Tuesday, September 12, 2006

Fall Sailing Is Fun!

Finding a fall day that is perfect is always a surprise. This weekend I had planned to work on a new server install, but it went totally well and I finished Saturday. So Sunday I got up early and headed down to the boat.

I got there around 9 am, and it was lovely with a terrific breeze, and overcoming my natural inertia, I decided to see if I could go the whole day without the engine!

Clearly, if you're a powerboat owner, going a day without the engine is, uh, well, not going. But for a sailor, it's a day of challenge and a rosy feeling when successfully accomplished. Rosy in a very different way when not so successfully done.

Anyway, I sailed off the mooring through the mooring field around the island and off to infinity and beyond!

Almost a guilty pleasure, this found sailing time. A fluke, a gift. Perfect weather, perfect seas, perfect wind, perfect temperature. Another one of the days that makes owning a sailboat such a pleasure.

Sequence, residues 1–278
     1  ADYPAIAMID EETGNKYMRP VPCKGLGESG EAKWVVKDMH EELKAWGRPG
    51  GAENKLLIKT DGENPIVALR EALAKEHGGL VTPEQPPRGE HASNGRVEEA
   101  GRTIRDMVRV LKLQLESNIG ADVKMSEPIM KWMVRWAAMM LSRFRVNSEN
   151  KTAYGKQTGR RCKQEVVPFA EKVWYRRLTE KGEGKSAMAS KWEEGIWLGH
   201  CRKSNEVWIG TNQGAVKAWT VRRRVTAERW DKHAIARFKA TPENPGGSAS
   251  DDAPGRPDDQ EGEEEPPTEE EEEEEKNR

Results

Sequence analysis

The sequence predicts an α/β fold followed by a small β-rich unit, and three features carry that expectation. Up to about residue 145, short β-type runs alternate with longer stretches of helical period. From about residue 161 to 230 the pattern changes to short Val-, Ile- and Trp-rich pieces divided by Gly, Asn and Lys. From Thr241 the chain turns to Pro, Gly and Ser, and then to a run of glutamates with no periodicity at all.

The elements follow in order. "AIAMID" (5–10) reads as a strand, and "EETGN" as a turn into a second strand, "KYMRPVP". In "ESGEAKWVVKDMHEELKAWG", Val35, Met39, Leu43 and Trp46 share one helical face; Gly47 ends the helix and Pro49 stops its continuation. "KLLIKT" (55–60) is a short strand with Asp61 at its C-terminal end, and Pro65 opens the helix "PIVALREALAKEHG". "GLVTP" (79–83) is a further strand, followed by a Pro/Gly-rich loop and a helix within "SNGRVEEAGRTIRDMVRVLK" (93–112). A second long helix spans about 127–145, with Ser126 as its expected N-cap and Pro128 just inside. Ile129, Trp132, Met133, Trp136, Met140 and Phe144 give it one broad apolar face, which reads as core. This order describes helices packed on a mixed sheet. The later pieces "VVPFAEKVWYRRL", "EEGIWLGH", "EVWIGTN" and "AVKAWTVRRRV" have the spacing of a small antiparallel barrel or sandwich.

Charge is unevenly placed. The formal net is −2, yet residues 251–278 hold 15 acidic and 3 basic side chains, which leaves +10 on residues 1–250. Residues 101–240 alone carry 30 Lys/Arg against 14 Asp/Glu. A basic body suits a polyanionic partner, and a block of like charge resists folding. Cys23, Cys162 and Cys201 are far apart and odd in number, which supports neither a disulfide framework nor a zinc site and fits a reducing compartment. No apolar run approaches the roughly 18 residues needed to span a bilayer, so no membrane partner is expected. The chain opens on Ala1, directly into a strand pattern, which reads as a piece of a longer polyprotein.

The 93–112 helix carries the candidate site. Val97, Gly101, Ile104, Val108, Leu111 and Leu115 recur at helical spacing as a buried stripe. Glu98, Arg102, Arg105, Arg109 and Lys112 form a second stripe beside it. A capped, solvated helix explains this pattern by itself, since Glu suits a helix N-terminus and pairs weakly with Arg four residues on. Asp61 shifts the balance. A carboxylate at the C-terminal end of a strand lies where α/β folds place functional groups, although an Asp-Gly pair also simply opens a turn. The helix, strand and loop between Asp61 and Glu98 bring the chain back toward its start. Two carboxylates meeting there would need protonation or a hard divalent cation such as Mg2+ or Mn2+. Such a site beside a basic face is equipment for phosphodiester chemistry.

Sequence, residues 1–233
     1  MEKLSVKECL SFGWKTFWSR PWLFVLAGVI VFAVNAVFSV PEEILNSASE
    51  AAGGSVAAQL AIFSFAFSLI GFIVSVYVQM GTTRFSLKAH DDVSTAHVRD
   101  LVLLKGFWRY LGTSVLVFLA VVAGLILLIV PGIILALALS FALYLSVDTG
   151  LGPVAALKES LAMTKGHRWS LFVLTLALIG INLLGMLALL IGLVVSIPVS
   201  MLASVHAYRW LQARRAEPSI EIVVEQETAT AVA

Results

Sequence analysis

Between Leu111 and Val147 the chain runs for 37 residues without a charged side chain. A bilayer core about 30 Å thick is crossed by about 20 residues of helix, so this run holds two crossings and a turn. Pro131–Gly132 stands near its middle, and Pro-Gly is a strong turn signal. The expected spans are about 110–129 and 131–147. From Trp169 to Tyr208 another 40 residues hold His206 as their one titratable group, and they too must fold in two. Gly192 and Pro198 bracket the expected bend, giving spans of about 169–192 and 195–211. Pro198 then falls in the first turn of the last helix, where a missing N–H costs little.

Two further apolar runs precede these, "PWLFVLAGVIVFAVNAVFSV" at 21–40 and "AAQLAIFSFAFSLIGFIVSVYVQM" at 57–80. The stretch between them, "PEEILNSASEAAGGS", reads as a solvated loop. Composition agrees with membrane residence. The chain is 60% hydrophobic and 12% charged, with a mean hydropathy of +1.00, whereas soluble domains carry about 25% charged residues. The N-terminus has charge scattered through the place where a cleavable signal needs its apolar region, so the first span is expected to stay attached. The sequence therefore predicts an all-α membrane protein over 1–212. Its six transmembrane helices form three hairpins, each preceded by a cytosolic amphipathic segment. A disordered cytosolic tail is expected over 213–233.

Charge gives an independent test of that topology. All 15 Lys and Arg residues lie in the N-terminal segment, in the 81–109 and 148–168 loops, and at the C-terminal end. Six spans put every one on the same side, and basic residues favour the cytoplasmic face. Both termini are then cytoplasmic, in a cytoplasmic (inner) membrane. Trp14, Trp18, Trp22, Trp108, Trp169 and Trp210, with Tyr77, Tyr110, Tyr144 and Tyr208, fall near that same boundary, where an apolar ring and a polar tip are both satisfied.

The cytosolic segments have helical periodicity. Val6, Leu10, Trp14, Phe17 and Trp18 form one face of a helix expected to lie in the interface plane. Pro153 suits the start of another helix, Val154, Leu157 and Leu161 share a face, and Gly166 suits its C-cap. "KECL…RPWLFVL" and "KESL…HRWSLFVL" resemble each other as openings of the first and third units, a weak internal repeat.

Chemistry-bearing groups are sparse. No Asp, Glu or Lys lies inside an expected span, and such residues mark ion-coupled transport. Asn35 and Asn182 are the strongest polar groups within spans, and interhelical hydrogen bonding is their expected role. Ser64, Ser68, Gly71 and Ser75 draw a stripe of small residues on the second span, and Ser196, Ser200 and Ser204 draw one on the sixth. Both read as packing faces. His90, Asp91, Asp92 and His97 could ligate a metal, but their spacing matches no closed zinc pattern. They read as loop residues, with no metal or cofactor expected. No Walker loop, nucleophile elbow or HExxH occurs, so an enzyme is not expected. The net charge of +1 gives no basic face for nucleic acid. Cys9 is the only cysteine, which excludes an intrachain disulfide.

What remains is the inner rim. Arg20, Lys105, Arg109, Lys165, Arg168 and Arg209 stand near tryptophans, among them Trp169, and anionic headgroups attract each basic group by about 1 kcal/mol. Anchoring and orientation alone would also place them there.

One of the things I did notice, however, is that my rig needs adjusting. So I'll have a bit to say about that later. It's ok if the leeward shrouds are a bit loose, but they shouldn't be flapping about.

Still, I sailed about for a few hours with nowhere in particular to go and then returned to the mooring to pick it up under sail. Only two tries!

I strongly recommend anyone with a sailboat learn how to perform four activities - sail up to and away from a dock (oops! ran out of fuel!), sail off and back on a mooring. There's books about that, but you know what? I think there are at least two more entries here on those subjects. And no, the day's activities were not experiments. I really do know how to do them.

Clearly sailing into a slip is a bunch harder, but it can be done if there's room to tack or jibe. But most marinas, with good reason, don't allow it. It's one of those activites that lead to good judgement. (Good judgement comes from experience. Experience comes from bad judgement.) Definitely and emergency type of thing.

Anyway, more on that later.

And since there's still some great weekends left to the year, I hope to see you on the water!


Anonymous said...
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Zen said...

Good post, good advice.

Know your boat, know yourself.
Know the "we" that it makes.